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BrightPoint settles 2 suits against rival Brightstar

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Indianapolis-based BrightPoint Inc. has agreed to settle two lawsuits it brought against similarly named rival Brightstar Corp.

BrightPoint, which agreed on July 2 to be acquired by California-based Ingram Micro Inc. for about $840 million, filed the complaints against Miami-based Brightstar in December.

Both suits involved former Brightpoint executives hired by Brightstar who had access to the local firm’s innermost workings and strategies.

The lawsuits, filed in Marion Superior Court, were dismissed Wednesday. Lawyers for both sides declined to comment on the settlements, citing confidentiality agreements.

In one case, BrightPoint alleged that Miljan Milan, who served as general manager for Latin America before leaving the company in April 2011, flagrantly violated the non-compete provision of his employment agreement when he accepted a senior post with Brightstar.

BrightPoint sought an injunction against the company and Milan. The suit alleged breach of contract, breach of Indiana’s uniform trade secrets act, and tortious interference.

“Milan is in a position where the use of BrightPoint’s trade secrets will permit Milan and Brightstar to deploy an unfair competitive advantage in bidding for business against BrightPoint,” the suit alleged.

In the other suit, BrightPoint sued Brightstar over its hiring of Mitch Black, a former senior vice president in charge of BrightPoint’s North American distribution division.

Black had worked at BrightPoint for a dozen years when he left in November 2010 to become president of sales and purchasing at PCS Wireless Inc., a New Jersey firm BrightPoint did not consider a direct competitor. But less than a year later, he began discussions about returning to BrightPoint and also said he had “a very compelling offer” from another company he did not identify, according to the suit.

The BrightPoint discussions were just a ruse to extract additional confidential information Black could use against the company when he joined Brightstar, according to the suit.

In May, a Marion Superior Court judge dismissed a fraud charge against Black.

“BrightPoint is attempting to sustain a claim for fraud against Mr. Black, seeking excessive damages and fees, by attributing to Mr. Black a false statement contained in an unsigned document, which BrightPoint drafted,” lawyers for Brightstar said in their motion to dismiss.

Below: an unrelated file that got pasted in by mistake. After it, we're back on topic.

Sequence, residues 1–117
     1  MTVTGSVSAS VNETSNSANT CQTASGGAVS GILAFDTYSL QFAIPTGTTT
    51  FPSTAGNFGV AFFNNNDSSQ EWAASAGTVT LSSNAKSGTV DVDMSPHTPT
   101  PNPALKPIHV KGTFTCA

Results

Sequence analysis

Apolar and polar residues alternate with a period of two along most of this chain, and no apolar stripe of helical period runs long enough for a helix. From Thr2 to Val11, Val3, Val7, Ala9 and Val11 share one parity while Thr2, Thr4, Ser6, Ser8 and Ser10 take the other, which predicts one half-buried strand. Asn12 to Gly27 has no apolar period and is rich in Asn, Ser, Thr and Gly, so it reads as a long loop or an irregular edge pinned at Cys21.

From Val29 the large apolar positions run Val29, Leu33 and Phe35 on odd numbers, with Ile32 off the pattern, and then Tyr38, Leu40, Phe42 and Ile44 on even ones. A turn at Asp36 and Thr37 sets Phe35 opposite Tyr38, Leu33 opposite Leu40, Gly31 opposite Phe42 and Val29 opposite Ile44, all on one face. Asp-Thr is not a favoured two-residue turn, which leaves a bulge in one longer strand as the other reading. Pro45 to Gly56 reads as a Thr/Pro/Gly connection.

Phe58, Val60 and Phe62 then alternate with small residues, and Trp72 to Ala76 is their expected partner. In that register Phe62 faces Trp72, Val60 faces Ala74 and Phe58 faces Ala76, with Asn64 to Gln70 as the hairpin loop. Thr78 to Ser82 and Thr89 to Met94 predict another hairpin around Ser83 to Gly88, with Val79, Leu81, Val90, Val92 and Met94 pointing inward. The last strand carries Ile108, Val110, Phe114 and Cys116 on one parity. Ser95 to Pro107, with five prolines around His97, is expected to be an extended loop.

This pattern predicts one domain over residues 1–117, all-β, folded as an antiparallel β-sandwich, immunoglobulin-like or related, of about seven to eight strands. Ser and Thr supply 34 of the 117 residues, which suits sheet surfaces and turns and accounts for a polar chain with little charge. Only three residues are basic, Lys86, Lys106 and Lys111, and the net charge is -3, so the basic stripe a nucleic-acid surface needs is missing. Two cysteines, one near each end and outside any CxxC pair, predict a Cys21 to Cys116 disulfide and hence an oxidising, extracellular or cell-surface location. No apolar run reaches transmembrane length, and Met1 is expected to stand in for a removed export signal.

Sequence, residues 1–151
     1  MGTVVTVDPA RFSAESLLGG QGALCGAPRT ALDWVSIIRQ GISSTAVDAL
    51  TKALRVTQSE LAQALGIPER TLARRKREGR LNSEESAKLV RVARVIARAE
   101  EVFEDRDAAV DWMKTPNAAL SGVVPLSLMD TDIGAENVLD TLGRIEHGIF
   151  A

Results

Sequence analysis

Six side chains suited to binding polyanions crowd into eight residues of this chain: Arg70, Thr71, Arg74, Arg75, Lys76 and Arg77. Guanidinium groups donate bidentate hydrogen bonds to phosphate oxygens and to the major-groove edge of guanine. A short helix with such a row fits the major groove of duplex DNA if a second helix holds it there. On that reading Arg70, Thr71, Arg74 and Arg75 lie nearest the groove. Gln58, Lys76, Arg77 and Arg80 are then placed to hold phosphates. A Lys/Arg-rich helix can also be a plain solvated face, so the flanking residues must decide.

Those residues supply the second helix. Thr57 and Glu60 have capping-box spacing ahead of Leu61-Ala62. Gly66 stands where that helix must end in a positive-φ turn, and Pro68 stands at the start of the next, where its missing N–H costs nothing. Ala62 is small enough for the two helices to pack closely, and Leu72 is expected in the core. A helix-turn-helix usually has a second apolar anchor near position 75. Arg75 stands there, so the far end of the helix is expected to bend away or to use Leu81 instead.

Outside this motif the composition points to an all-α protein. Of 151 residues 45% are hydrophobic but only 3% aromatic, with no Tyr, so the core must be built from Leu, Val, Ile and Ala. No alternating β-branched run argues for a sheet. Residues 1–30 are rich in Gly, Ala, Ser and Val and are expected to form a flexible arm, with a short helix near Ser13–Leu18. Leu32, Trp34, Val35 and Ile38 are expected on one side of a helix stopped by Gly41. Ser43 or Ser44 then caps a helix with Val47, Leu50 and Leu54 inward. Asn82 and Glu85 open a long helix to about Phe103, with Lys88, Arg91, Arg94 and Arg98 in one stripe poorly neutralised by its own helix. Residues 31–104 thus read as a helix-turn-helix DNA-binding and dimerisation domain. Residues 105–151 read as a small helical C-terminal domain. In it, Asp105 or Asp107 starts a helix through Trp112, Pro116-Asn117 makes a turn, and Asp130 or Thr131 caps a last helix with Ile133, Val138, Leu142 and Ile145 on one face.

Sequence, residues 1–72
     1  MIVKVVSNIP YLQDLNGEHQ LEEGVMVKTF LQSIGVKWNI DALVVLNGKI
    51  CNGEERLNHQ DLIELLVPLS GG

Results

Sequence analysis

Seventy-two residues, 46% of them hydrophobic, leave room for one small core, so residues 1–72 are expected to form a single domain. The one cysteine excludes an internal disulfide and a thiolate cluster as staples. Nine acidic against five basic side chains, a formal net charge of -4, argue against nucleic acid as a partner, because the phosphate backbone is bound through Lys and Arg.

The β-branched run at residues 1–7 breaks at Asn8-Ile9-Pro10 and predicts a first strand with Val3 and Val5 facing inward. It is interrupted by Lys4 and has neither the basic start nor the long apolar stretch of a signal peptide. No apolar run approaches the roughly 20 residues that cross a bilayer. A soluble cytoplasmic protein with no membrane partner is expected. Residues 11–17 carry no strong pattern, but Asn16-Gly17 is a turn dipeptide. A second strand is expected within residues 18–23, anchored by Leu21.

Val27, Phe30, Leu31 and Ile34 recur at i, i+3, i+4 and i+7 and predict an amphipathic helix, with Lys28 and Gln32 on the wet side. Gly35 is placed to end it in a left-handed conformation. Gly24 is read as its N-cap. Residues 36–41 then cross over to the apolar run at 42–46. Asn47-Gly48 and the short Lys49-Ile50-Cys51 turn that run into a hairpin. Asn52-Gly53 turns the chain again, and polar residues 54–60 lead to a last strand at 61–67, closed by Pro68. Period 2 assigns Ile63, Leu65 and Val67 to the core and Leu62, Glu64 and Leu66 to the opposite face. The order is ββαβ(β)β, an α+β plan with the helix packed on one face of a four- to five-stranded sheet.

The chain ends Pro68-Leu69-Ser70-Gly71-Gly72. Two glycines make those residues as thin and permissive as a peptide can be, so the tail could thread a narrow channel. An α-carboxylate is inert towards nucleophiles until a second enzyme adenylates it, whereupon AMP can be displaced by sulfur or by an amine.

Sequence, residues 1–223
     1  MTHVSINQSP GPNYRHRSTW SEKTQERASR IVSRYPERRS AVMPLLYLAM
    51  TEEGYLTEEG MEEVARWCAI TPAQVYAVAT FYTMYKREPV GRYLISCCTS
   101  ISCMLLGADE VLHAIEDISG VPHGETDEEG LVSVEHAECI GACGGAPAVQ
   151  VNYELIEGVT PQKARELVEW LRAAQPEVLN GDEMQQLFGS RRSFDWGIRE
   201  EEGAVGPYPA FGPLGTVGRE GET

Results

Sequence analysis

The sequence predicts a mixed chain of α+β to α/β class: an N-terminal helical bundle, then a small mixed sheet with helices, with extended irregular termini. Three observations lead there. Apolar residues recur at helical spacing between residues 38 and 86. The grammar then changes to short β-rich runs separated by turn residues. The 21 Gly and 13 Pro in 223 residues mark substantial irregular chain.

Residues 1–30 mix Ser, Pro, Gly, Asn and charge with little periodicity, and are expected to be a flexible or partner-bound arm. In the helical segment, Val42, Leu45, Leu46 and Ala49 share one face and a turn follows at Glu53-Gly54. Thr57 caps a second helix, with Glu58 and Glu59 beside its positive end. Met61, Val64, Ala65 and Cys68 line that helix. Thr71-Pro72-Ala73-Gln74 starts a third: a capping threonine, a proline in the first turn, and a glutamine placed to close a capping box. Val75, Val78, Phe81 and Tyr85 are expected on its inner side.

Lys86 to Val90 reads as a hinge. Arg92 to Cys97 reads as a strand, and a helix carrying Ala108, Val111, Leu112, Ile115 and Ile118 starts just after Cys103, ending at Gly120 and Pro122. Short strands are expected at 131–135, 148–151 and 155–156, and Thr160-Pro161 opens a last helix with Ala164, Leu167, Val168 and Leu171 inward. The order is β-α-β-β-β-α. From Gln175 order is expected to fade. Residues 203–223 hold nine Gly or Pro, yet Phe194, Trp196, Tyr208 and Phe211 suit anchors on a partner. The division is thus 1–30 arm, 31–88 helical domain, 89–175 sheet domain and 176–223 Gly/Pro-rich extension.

The two firms are global heavyweights in the wireless phone industry. BrightPoint has 3,900 employees and posted 2011 revenue $5.2 billion, while Brightstar has 3,400 employees and had $5.7 billion in revenue last year.

Ingram’s acquisition of BrightPoint is expected to be completed in the third quarter.

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  1. Frankly, it is tragic that you are even considering going to an expensive, unaccredited "law school." It is extremely difficult to get a job with a degree from a real school. If you are going to make the investment of time, money, and tears into law school, it should not be to a place that won't actually enable you to practice law when you graduate.

  2. As a lawyer who grew up in Fort Wayne (but went to a real law school), it is not that hard to find a mentor in the legal community without your school's assistance. One does not need to pay tens of thousands of dollars to go to an unaccredited legal diploma mill to get a mentor. Having a mentor means precisely nothing if you cannot get a job upon graduation, and considering that the legal job market is utterly terrible, these students from Indiana Tech are going to be adrift after graduation.

  3. 700,000 to 800,000 Americans are arrested for marijuana possession each year in the US. Do we need a new justice center if we decriminalize marijuana by having the City Council enact a $100 fine for marijuana possession and have the money go towards road repair?

  4. I am sorry to hear this.

  5. I tried a case in Judge Barker's court many years ago and I recall it vividly as a highlight of my career. I don't get in federal court very often but found myself back there again last Summer. We had both aged a bit but I must say she was just as I had remembered her. Authoritative, organized and yes, human ...with a good sense of humor. I also appreciated that even though we were dealing with difficult criminal cases, she treated my clients with dignity and understanding. My clients certainly respected her. Thanks for this nice article. Congratulations to Judge Barker for reaching another milestone in a remarkable career.

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